Everything you ever wanted to know about English language teaching panel

Interview description

Catherine Walter, Carol Read and Jeremy Harmer answer questions from the IATEFL Online audience, covering topics ranging from discrimination against non-native speaker teachers, to the English we teach in the classroom, and even some ideas for a favourite lesson.


I agree!! I believe that native speakers became aware of this and are studying more and more about the language though so I am sure that we will have more natives teaching GRAMMAR in a better way!


Note: Teachers in Argentina are really good!! They study hard, we have really good unis and models. People here in Argentina do not speak two languages. We speak spanish and English is huge but in private schools. I just wanted to share something... Do not know why but from what I know, teachers in Argentina do not have a STRONG ACCENT. I think that different from people in Germany, china, india, Brazil, etc... 

Would that have to do with the type of language, romantic -germanic? Or do you think that it has to do more with the training we get? 




Hi Gabriela. I'd say it's a bit of both. If the teacher is aware of the different sounds between a student's mother tongue and English, pronunciation difficulties can be dealt with, but also I think the sounds of the English language are easier for Spanish speakers because of their common roots. People in East and South East Asia have problems with things like consonant clusters and simply can't get their tongues round it. But also, in Thailand where I live, the teaching of English pronunciation can be pretty awful. This sketch from a Thai comedy programme is pretty close to the truth.

I'd say people who've learned English as a second/foreign language can explain grammar a lot better than native speakers. With some tricky parts of grammar, I'm often at a loss to explain it - "that's just the way it is!". They're also MUCH better at teaching English to beginners and elementary students because you can then use the student's mother tongue to explain English (native speaking teachers can do this in non-verbal ways too, but it's a lot slower and a far less effective use of a student's time).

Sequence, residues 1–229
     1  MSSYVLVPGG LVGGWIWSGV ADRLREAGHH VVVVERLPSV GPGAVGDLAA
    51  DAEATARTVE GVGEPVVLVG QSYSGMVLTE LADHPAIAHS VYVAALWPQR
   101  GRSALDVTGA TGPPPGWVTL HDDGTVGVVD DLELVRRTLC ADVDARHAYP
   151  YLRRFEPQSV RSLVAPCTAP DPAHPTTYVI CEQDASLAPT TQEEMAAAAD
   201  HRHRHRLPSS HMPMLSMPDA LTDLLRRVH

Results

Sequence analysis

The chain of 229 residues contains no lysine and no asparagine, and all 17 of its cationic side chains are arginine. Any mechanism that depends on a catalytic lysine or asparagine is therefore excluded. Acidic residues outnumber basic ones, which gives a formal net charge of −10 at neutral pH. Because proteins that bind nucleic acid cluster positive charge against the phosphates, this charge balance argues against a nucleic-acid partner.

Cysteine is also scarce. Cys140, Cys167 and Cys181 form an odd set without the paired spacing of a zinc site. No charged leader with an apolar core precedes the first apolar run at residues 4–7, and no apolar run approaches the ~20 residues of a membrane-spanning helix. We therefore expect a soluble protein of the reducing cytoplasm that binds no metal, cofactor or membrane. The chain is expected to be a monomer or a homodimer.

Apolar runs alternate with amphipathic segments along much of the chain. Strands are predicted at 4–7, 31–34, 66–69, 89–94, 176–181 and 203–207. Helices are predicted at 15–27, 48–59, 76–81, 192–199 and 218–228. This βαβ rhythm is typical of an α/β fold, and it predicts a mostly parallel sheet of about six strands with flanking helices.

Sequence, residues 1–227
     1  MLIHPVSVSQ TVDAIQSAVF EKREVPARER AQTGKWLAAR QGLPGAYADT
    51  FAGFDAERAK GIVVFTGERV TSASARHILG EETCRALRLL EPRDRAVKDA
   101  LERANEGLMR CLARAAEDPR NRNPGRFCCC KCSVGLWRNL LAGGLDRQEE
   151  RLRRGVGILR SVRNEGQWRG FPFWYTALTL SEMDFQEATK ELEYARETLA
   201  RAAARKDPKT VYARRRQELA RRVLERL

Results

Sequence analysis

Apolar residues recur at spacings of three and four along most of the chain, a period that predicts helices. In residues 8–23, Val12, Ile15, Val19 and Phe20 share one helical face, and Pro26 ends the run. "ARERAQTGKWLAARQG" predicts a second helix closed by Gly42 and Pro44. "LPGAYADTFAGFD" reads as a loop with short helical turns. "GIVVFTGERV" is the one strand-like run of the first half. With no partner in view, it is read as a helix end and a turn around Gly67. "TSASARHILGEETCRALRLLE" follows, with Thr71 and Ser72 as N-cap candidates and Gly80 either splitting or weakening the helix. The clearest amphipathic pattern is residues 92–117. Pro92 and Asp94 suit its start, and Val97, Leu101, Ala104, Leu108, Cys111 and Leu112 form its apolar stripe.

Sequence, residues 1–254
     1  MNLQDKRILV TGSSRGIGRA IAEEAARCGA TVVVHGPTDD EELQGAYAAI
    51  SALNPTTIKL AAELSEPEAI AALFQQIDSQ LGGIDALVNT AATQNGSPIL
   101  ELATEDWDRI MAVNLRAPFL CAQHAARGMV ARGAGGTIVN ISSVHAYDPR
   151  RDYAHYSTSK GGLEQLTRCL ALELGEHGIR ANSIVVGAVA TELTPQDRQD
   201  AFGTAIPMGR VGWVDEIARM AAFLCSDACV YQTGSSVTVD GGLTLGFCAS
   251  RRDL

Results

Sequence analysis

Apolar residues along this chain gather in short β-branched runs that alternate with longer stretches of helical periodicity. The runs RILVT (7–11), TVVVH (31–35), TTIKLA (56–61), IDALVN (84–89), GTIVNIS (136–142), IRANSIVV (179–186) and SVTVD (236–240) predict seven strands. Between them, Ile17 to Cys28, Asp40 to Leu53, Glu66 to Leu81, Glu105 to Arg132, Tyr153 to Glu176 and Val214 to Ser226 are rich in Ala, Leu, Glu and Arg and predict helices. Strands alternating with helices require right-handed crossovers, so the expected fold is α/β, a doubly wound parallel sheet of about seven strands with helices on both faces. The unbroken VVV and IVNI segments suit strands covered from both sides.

On the goals of teaching English, I'd agree with the panel again. The vast majority of English language learners are now learning English to communicte with other non-native speakers from other parts of the world. You don't need native-like English (accent, grasp of idiomatic language, ability to understand jokes) to communicate.

Interesting that they touched on online learning at the end, as I teach online and run a blog about teaching English online. Yes, having a teacher with you is good, but online teaching is also face-to-face, albeit via a webcam, and a lot of online teaching is done on a one-to-one basis so it's actually a far more effective way of learning than being in a classroom with one teacher shared with 10 or 20 other students.

As the person who asked the last question, I would like to thank IATEFL and the British Council as well as all the twitterati #ELTchat groups, BELTA, bloggers (shout out to Sandie Millen and Lizzie Pinnard) and so many others who do everything possible to open up access to improving skills and sharing worldwide. Things are generally moving in the right direction in bridging the gap between CELTA trained teachers and the vast majority of Eng teachers around the world. Compared to other sectors of activity, I am constantly impressed by the openess and dedication of ELT professionals in sharing with colleagues. Perhaps teachers have a natural desire to share skills with others? 

I do feel that the gap is still huge, though, whether it be for technical, financial or political reasons. The vast numbers of teachers scattered all over the world who enroll in online MOOCS demonstrate this well. I encourage everybody to keep opening up doors and get involved whenever possible.

Looking forward to watching as many recorded sessions as possible!

Hi Eily - many thanks for taking the time to post your comment and for the feedback. We're aware that what Manchester Online promotes - or at least one aspect of what it promotes  - with the support of the British Council and IATEFL - is the opportunities related to being involved in a local teachers' association. If we can encourage teacher asspciation activity and participation via this project, we would be delighted with that, too.


Julian/ Manchester Online Team

Guess it's time to pay my IATEFL dues then, or at least plead my case with my manager, while reaching out to others through Facebook groups and keeping an eye on the TAWSIG situation.

Tx for the reply - the end of the recording left me hanging ...